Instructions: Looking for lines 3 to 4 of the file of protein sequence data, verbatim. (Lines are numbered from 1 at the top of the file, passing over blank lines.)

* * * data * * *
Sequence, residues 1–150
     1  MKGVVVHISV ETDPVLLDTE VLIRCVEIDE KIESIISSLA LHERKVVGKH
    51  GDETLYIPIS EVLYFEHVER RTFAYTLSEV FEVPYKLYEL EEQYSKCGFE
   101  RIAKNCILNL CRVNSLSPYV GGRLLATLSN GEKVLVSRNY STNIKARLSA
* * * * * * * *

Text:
    51  GDETLYIPIS EVLYFEHVER RTFAYTLSEV FEVPYKLYEL EEQYSKCGFE
   101  RIAKNCILNL CRVNSLSPYV GGRLLATLSN GEKVLVSRNY STNIKARLSA